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Does and Don'ts of Blogging With Students

Guest Author - Paula Laurita

The debate rages about the world of blogging and its value. Many school library media specialists are being required to include it as part of their instruction. Follow these tips to get the most out of the experience for yourself and your students.

Blogging can give an important voice to students, but as with verbal speech it needs to used responsibly. Teens often want to push the envelope on what is acceptable to write on their blogs, images, and links to other sites and blogs. The school librarian needs to think about the ground rules for blogging, just as with any other assignment. Consider these tips before beginning.

  1. Set the Ground Rules First.
    Stress that student behavior needs to be appropriate, just as behavior on school trips reflects an image of the school, so do blogs. Students need to see this as part of nettiquette. Do students have to sign a code of conduct as part of other school programs? Adapt it and have students sign it. You may want to require a parent signature. Be clear that bullying, libel, or cursing will not be tolerated. Include a practice piece before anything is allowed to be posted to the Internet. Bloggers should be clear in their writing.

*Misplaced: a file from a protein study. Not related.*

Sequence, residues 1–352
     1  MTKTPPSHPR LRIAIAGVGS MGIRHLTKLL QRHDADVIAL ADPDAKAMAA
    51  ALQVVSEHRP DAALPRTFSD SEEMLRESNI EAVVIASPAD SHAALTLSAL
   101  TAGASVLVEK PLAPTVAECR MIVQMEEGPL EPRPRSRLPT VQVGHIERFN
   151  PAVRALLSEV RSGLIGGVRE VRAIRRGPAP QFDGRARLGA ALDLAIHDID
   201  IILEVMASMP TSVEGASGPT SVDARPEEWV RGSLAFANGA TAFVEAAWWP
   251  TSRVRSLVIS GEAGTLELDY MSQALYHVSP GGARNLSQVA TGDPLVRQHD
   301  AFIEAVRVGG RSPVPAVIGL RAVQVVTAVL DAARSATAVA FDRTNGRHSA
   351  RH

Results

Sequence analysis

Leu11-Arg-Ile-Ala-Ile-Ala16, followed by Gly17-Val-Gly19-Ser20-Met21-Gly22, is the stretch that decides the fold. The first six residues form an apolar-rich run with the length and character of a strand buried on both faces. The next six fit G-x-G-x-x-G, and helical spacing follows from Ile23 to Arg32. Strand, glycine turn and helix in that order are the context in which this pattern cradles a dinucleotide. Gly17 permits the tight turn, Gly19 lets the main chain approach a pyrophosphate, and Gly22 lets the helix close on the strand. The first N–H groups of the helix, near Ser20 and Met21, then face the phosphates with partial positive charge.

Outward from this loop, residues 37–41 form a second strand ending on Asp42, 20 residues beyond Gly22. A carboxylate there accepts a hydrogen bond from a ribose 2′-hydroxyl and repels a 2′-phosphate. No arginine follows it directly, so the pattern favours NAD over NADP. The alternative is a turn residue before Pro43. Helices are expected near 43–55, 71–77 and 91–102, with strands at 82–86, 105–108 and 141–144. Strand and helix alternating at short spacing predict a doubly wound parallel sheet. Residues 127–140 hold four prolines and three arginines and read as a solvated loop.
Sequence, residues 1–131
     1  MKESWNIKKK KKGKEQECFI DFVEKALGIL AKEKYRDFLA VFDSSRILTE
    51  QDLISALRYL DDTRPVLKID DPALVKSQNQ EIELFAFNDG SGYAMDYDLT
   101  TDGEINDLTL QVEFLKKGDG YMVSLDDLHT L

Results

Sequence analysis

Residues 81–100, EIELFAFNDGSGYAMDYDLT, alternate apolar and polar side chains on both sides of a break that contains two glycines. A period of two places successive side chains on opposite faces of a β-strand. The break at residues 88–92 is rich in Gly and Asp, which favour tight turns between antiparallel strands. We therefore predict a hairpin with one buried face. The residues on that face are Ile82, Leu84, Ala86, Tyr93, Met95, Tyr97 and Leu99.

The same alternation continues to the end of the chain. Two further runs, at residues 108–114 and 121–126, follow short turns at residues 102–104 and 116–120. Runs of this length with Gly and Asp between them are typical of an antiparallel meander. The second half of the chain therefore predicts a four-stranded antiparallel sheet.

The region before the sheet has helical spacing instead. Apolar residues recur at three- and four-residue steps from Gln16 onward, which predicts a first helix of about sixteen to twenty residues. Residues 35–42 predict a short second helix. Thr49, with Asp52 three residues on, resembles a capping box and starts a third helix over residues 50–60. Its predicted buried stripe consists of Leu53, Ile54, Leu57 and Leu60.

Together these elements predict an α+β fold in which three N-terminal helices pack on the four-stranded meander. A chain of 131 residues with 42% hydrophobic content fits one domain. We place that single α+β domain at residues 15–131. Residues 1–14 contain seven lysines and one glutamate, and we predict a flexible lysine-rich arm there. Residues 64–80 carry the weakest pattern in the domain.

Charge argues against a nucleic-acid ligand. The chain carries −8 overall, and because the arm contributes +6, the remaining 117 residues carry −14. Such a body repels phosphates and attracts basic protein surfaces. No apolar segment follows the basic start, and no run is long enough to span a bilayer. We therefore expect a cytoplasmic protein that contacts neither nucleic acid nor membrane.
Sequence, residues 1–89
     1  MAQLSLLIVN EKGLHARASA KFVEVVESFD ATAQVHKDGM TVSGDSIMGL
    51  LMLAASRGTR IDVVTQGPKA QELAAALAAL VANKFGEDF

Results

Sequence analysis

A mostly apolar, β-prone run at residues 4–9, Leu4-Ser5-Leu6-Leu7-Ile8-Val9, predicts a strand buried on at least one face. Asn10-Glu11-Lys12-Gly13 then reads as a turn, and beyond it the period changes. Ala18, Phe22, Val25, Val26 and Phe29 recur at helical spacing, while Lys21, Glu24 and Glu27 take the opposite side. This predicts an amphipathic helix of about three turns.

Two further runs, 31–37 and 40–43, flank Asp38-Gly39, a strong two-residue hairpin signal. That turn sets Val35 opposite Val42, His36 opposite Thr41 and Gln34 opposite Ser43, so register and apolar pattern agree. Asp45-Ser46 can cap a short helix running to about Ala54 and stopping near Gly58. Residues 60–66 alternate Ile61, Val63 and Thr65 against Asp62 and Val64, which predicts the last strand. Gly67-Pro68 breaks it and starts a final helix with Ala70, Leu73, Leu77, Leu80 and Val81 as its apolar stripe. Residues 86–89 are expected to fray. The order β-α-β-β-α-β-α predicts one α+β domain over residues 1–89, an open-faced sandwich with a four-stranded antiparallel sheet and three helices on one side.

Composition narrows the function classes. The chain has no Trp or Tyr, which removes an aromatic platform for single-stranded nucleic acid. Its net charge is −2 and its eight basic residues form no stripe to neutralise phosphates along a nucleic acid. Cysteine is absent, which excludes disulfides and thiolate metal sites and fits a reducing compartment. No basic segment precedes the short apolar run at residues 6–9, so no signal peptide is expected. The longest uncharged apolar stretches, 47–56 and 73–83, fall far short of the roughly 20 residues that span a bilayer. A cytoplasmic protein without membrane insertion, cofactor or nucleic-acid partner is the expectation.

2. Blogging is NOT Social Networking.
    MySpace, Facebook, and other social networking sites are designed for a different purpose than blogs. A well thought out reflection on a piece of literature is different than "Hey, wanna be my friend?" Have students design questions for commenters to respond to that are essential to the blog. Comments should be well thought out as well. Assign students to read specific students' blogs and post coherent, clear comments. Resources for Blogging in the Classroom has good planning resources for you and your students.
  3. Just because it's a Freebie Doesn't Mean it Doesn't have a Price.
    Many of the free blogging sites may be tempting, but they have their own problems. Advertisements cannot be controlled. There are alternatives, such as ClassBlogMeister which has several templates. It offers librarians and teachers the opportunity to review blog entries and comments before they are posted. The "teacher" also adds student names that have permission to blog and comment. This adds a layer of student safety. Another option is 21Classes.
  4. This is a Blog, Not an Essay.
    Think of blogs as spirals rather than straight lines. Blogs can be linked by topic rather than date. This allows someone to go back and reflect on a news event that occurred last month.
  5. Go Ahead--Blog
    Don't be afraid to blog yourself. It can be reflections on last teen book you read. It doesn't have to be a lesson on the literary merits of the book, but ideas and impressions the book inspired. Allow students to comment on whether or not they agree, disagree, or offer another good book with a similar theme. You can also blog on your reflections of what happened in the library that week. What was the high point? What was the low point?

Blogging offers you and your students an opportunity to connect in new ways. This is another facet of reading and writing literacy for which students need to develop skills.

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Content copyright © 2014 by Paula Laurita. All rights reserved.
This content was written by Paula Laurita. If you wish to use this content in any manner, you need written permission. Contact Christine Sharbrough for details.

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